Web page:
"I see millions and millions of stars Holmes," replies Watson.

"And what do you deduce from that?"

Watson ponders for a minute. "Well, astronomically, it tells me that there are millions of galaxies and potentially billions of planets. Astrologically, I observe that Saturn is in Leo. Logically, I deduce that the time is approximately a quarter past three. Meteorologically, I suspect that we will have a beautiful day tomorrow. Theologically, I can see that God is all-powerful, and that we are a small and insignificant part of the universe. What does it tell you, Holmes?"

Holmes is silent for a moment and then says: "Watson you idiot, someone has stolen our tent!"

Tuesday, May 10, 2005


In Japan it seems, once a foreigner, eternally a foreigner. There are cultural pioneers from abroad who have been permanent residents of Tokyo for well over a hundred years now, but their visas are no good. Many were here soon after Japan peeked out the gates after 300 years of isolation from foreign influence.

The foreigners in question reside in graves in the Gaijin bochi (foreign section) of Aoyama Cemetery (and others) in Tokyo. The Tokyo Metropolitan Government wants them out of there, to make a park amidst the Japanese graves. They say its simply because the foreigners’ grave fees haven't been paid, as required by law; after a certain date, control of the plots reverts to the TMG.

But a curious codicil to the law says that only relatives can pay the fees! As long-ago foreign residents, it’s unlikely that they'd have living relatives in the vicinity. Very convenient for mass deportation.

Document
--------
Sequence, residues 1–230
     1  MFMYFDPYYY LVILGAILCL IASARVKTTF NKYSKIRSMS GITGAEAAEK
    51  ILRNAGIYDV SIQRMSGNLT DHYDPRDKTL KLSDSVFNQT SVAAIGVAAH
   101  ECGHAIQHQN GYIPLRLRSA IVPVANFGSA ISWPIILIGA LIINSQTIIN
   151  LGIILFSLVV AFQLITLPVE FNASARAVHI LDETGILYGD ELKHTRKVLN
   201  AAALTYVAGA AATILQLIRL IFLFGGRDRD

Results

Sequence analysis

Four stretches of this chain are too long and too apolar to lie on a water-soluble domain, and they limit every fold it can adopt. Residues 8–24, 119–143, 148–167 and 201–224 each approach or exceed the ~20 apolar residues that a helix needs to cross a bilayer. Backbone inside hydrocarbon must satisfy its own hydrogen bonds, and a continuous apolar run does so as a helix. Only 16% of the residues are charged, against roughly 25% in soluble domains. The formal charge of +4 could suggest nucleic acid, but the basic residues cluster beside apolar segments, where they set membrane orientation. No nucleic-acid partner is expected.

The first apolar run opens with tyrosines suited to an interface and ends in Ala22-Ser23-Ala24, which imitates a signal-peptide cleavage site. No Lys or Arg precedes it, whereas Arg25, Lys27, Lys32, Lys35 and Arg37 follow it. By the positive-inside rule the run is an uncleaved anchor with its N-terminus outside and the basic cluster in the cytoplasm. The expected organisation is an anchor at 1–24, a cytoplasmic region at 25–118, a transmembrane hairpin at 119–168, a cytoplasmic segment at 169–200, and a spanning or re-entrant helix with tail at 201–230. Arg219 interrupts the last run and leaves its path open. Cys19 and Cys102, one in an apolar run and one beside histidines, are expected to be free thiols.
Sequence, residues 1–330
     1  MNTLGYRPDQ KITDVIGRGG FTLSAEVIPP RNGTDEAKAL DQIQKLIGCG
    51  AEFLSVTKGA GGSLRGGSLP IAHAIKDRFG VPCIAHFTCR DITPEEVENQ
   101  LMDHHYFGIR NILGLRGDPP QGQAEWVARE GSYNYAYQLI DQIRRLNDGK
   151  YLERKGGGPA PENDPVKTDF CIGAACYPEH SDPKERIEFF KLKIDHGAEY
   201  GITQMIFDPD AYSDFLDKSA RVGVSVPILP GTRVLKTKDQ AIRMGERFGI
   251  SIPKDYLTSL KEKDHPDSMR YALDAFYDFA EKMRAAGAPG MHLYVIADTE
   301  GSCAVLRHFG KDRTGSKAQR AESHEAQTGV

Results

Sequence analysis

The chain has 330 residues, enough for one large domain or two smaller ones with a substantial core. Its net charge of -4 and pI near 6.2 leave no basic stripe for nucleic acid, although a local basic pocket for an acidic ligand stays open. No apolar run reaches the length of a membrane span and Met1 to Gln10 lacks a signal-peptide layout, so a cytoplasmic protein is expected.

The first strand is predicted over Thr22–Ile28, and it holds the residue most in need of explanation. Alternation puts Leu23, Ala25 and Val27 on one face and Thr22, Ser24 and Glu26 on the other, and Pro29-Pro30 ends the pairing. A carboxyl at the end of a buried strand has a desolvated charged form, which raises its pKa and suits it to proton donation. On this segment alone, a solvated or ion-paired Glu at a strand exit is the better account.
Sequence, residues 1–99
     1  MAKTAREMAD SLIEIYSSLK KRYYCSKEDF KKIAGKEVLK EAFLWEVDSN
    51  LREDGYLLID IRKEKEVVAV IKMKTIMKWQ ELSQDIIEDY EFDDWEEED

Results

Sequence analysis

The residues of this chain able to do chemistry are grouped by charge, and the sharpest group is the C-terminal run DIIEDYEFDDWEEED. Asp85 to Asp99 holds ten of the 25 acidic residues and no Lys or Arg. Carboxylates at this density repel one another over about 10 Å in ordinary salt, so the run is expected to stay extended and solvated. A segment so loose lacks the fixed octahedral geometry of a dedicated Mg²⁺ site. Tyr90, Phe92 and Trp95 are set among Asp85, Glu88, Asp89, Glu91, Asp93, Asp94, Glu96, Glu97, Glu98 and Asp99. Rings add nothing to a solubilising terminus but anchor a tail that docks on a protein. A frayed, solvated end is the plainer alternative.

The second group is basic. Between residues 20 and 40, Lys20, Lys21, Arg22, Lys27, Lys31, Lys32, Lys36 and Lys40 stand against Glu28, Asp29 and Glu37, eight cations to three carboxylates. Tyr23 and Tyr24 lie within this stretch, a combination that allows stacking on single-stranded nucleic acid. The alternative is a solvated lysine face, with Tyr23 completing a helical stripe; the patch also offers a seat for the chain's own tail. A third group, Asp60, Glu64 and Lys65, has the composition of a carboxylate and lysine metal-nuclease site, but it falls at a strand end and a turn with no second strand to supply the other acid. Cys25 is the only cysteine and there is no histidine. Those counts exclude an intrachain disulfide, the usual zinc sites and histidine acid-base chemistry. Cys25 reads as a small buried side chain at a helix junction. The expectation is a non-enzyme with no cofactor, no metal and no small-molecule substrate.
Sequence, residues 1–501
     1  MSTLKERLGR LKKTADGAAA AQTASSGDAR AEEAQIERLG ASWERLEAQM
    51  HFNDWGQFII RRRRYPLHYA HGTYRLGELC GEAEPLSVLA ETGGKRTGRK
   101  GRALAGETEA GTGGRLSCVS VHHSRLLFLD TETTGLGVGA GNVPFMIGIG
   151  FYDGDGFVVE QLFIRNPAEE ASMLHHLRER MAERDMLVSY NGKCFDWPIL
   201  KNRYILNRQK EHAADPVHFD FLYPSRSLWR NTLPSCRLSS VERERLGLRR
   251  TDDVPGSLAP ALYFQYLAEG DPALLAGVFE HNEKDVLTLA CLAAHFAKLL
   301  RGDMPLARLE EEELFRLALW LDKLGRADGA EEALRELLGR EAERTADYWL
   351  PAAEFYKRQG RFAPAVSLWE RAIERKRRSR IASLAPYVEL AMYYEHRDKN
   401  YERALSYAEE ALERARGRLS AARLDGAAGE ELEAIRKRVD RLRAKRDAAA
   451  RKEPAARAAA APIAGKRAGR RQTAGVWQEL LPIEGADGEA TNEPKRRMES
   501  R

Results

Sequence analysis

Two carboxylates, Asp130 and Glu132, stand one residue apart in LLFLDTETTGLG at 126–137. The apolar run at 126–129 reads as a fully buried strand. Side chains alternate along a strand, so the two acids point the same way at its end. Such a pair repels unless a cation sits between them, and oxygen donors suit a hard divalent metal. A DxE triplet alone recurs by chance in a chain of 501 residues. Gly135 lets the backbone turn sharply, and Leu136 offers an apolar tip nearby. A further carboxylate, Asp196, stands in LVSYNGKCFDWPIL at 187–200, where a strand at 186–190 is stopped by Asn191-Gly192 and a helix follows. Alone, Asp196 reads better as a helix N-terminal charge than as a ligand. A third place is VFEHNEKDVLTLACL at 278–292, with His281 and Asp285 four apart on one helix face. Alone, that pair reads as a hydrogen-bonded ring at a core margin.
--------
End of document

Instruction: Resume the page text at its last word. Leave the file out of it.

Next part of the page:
My own Permanent Residency was hard enough to get; may not be worth it, in the really long run…



Foreign Section Trust

[Also posted at Blogcritics]

Monday, May 09, 2005


While I was splitting oak as the day headed for noon, every now and then I'd hear a loud thrash in the bamboo downhill east of the house; I'd look expecting to see some large animal come blundering out, but saw nothing, figured it must be an oddly careless wild pig forcing its way through the bamboo - unlikely to be a bear - went back to splitting, then again the noise and again. Finally, I saw a monkey silhouette rise up into the higher foliage, then another and another, a whole tribe of them had gone through the bamboo to get to the tall trees at the center of that bamboo grove, apparently to loaf at their ease in the sunny breeze amidst the ample edibles there - sort of a simian grandstand - while observing yours truly doing something that animals never did in all their history until one of our ancestors took an intelligent leap and became the first of us two-leggeds a few eons ago, which led to me in this particular instance.